Obstetric Imaging

Obstetric imaging refers to imaging of the female reproductive tract and developing fetus during pregnancy Pregnancy Pregnancy is the time period between fertilization of an oocyte and delivery of a fetus approximately 9 months later. The 1st sign of pregnancy is typically a missed menstrual period, after which, pregnancy should be confirmed clinically based on a positive β-HCG test (typically a qualitative urine test) and pelvic ultrasound. Pregnancy: Diagnosis, Maternal Physiology, and Routine Care. Ultrasonography is the 1st-line imaging modality during pregnancy Pregnancy Pregnancy is the time period between fertilization of an oocyte and delivery of a fetus approximately 9 months later. The 1st sign of pregnancy is typically a missed menstrual period, after which, pregnancy should be confirmed clinically based on a positive β-HCG test (typically a qualitative urine test) and pelvic ultrasound. Pregnancy: Diagnosis, Maternal Physiology, and Routine Care as it does not emit radiation; thus, it is the safest option for the developing fetus. Obstetricians depend heavily on ultrasound for the detection, monitoring, and assessment of several maternal and fetal conditions without radiation exposure. For example, congenital fetal anomalies, abnormal placentation, poor fetal growth, and abnormal fluid volumes can all be thoroughly assessed using ultrasound. Radiation-emitting imaging modalities (X-ray, CT) are typically reserved for nonobstetric emergency situations.

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Editorial responsibility: Stanley Oiseth, Lindsay Jones, Evelin Maza

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Overview

Introduction

Obstetric imaging refers to imaging of the female reproductive tract and developing fetus during pregnancy Pregnancy Pregnancy is the time period between fertilization of an oocyte and delivery of a fetus approximately 9 months later. The 1st sign of pregnancy is typically a missed menstrual period, after which, pregnancy should be confirmed clinically based on a positive β-HCG test (typically a qualitative urine test) and pelvic ultrasound. Pregnancy: Diagnosis, Maternal Physiology, and Routine Care.

  • Except in rare cases, obstetric imaging is performed via ultrasound.
  • Ultrasound has the following advantages:
    • No radiation exposure
    • Ability to view real-time images of the moving fetus
    • Relatively low cost and wide availability
  • In rare circumstances, obstetric imaging can be obtained via other modalities (e.g., MRI).
  • Nonobstetric imaging in pregnancy Pregnancy Pregnancy is the time period between fertilization of an oocyte and delivery of a fetus approximately 9 months later. The 1st sign of pregnancy is typically a missed menstrual period, after which, pregnancy should be confirmed clinically based on a positive β-HCG test (typically a qualitative urine test) and pelvic ultrasound. Pregnancy: Diagnosis, Maternal Physiology, and Routine Care should be ordered judiciously to avoid unnecessary radiation exposure to the developing fetus.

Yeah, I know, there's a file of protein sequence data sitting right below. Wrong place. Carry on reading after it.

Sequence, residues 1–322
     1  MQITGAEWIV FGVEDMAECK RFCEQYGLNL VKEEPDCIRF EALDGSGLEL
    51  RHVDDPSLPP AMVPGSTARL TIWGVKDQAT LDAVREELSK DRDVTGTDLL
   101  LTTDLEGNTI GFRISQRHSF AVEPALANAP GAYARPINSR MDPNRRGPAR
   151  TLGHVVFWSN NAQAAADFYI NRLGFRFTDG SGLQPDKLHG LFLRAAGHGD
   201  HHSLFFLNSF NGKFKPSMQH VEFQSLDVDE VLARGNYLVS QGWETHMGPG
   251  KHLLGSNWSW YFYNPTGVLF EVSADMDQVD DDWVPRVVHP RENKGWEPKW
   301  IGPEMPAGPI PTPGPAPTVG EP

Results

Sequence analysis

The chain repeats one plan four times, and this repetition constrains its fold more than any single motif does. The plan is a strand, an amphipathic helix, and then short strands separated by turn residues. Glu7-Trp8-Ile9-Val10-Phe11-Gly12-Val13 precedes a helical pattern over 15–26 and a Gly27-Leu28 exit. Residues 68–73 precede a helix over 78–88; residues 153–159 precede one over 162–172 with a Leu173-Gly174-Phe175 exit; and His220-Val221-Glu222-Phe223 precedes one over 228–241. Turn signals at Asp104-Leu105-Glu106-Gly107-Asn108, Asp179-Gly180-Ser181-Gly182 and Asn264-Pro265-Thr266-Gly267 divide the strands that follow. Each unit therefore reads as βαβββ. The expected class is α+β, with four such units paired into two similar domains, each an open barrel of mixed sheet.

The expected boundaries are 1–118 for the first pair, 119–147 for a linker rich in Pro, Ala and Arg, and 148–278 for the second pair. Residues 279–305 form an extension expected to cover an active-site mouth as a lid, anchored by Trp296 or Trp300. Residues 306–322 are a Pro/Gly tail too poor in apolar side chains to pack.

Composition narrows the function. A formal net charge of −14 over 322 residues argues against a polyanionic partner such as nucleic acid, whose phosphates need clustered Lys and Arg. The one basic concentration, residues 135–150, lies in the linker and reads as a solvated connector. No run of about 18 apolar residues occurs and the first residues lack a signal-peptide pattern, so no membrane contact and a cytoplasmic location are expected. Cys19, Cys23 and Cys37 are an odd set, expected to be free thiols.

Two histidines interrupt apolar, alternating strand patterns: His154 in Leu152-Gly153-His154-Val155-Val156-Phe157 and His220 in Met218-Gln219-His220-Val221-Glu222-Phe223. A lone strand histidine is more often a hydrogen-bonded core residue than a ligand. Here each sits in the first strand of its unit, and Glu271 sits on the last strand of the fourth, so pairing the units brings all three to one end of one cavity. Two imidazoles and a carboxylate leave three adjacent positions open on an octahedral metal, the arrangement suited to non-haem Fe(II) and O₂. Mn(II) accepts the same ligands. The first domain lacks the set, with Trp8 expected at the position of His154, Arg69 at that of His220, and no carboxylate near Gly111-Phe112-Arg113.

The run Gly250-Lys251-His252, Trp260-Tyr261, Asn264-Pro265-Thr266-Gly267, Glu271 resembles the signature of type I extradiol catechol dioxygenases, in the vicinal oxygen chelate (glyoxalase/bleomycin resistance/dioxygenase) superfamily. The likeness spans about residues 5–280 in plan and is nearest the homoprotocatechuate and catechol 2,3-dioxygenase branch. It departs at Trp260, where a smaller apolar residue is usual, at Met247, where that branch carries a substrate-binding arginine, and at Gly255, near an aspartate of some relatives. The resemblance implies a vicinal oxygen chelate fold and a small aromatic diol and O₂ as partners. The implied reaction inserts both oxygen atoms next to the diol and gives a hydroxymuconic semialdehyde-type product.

Types of obstetric imaging exams

There are 2 primary types of obstetric imaging exams:

  • Abdominal obstetric ultrasound: good for assessing the fetus, placenta Placenta The placenta consists of a fetal side and a maternal side, and it provides a vascular communication between the mother and the fetus. This communication allows the mother to provide nutrients to the fetus and allows for removal of waste products from fetal blood. Placenta, Umbilical Cord, and Amniotic Cavity, fluid, and uterus Uterus The uterus, cervix, and fallopian tubes are part of the internal female reproductive system. The uterus has a thick wall made of smooth muscle (the myometrium) and an inner mucosal layer (the endometrium). The most inferior portion of the uterus is the cervix, which connects the uterine cavity to the vagina. Posterior Abdominal Wall starting in the late 1st trimester through delivery
  • Transvaginal ultrasound:
    • Good for assessing the cervix Cervix The uterus, cervix, and fallopian tubes are part of the internal female reproductive system. The most inferior portion of the uterus is the cervix, which connects the uterine cavity to the vagina. Externally, the cervix is lined by stratified squamous cells; however, the cervical canal is lined by columnar epithelium. Posterior Abdominal Wall throughout pregnancy Pregnancy Pregnancy is the time period between fertilization of an oocyte and delivery of a fetus approximately 9 months later. The 1st sign of pregnancy is typically a missed menstrual period, after which, pregnancy should be confirmed clinically based on a positive β-HCG test (typically a qualitative urine test) and pelvic ultrasound. Pregnancy: Diagnosis, Maternal Physiology, and Routine Care